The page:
abstain from many things, and to abound in the exercises of
religion at all times; both towards God. and towards Man. If
blamed for being more Earnest in the things of God than our
neighbours, what is our reply? Do we shrink from the accusation?
How many in the world would rather be accused of any weakness,
nay, even of wickedness, than of an Earnest, fervent feeling of
Love to the Lord Jesus Christ, and of devotedness to his
service! Can such think that He will confess them when he comes
in his Glory, and before the angels of God? If there is any
sight pleasing to the God of our Salvation, and a sight at which
the angels rejoice, it is, to behold a devoted follower of the
Lord, here upon Earth, acknowledging that he is guilty, if it be
a crime, of loving the Lord who died for him, with all his
Heart, and soul, and mind, and strength. And that he will not in
silence see God's Word despised, or hear his name profaned; he
will rather risk the ridicule and the Hatred of the world, than
one frown from that gracious Being whose Love is better than

22-27 The Apostle reasoned concerning the nature and
obligations of Righteousness, temperance, and of a Judgment to
come; thus showing the oppressive Judge and his profligate
mistress, their need of Repentance, forgiveness, and of the
Grace of the Gospel. Justice respects our conduct in Life,
particularly in reference to others; temperance, the state and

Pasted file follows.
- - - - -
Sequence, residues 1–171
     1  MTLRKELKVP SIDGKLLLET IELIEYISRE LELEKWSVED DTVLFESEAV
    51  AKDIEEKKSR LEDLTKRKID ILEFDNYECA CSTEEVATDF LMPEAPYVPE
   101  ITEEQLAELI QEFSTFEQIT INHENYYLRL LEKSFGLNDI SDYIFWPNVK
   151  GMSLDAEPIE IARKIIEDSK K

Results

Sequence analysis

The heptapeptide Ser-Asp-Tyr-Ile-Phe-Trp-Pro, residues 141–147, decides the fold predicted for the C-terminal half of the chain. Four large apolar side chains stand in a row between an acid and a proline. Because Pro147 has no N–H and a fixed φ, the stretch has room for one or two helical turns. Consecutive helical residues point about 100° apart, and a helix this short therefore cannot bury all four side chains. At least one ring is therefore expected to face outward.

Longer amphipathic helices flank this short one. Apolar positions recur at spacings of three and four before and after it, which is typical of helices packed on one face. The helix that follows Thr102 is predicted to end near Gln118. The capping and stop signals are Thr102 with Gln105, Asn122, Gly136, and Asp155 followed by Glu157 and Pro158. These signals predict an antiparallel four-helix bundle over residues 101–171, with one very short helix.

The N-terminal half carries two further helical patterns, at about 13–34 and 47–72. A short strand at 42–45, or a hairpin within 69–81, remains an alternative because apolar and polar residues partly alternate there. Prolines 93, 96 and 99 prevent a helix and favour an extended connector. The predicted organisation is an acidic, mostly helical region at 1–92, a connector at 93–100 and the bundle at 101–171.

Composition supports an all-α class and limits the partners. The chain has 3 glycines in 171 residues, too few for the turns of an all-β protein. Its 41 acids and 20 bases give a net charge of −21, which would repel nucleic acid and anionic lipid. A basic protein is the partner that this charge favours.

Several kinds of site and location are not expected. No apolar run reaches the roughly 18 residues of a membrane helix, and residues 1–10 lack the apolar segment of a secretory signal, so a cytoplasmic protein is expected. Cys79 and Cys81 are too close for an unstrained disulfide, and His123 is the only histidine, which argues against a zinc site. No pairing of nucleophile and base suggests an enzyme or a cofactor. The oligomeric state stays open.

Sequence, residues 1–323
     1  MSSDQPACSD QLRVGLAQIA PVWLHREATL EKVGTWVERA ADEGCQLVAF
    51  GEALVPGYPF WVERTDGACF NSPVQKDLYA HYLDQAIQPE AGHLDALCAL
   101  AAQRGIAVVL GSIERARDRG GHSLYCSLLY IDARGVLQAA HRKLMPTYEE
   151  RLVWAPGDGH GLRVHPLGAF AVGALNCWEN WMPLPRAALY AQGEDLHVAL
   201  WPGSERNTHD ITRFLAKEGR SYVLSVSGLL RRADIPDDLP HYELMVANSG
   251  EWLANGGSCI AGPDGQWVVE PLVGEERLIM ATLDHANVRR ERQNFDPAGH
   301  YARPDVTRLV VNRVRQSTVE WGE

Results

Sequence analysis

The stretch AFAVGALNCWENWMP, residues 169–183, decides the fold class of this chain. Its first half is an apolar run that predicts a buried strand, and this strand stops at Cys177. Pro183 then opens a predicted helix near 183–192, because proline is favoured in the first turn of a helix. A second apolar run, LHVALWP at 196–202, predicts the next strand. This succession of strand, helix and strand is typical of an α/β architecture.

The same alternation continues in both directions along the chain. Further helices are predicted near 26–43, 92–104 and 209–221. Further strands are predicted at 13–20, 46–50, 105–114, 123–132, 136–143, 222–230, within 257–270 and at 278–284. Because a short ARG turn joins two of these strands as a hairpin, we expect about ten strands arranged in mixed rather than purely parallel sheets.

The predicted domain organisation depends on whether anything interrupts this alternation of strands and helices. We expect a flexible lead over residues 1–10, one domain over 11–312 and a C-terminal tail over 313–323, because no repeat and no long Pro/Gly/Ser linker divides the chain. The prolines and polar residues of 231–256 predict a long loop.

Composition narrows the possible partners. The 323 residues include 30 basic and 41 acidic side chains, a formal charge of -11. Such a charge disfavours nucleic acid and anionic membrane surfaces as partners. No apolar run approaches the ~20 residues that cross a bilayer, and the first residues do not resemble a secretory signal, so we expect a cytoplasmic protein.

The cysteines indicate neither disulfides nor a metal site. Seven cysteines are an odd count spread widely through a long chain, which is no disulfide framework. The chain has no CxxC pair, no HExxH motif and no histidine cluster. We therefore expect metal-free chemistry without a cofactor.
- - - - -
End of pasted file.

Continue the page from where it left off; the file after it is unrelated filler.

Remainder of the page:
government of our souls, in reference to God. He who does not
Exercise himself in these, has neither the form nor the power of
Godliness, and must be overwhelmed with the Divine wrath in the
Day of God's appearing. A prospect of the Judgment to come, is
enough to make the stoutest Heart to tremble. Felix trembled,
but that was all. Many are startled By the Word of God, who are
not changed By it. Many fear the consequences of Sin, yet
continue in the Love and practice of Sin. In the affairs of our
souls, delays are dangerous. Felix Put off this matter to a more
convenient season, but we do not find that the more convenient
season ever came. Behold now is the accepted time; hear the
voice of the Lord to-Day. He was in haste to turn from hearing
the Truth. Was any business more urgent than for him to reform
his conduct, or more important than the Salvation of his soul!
Sinners often start up like a Man roused from his sleep By a
loud noise, but soon sink again into their usual drowsiness. Be
not deceived By occasional appearances of religion in ourselves
or in others. Above all, let us not trifle with the Word of God.
Do we expect that as we advance in Life our hearts will grow
softer, or that the influence of the world will decline? Are we
not at this moment in danger of being lost for ever? Now is the
Day of Salvation; tomorrow may be too late.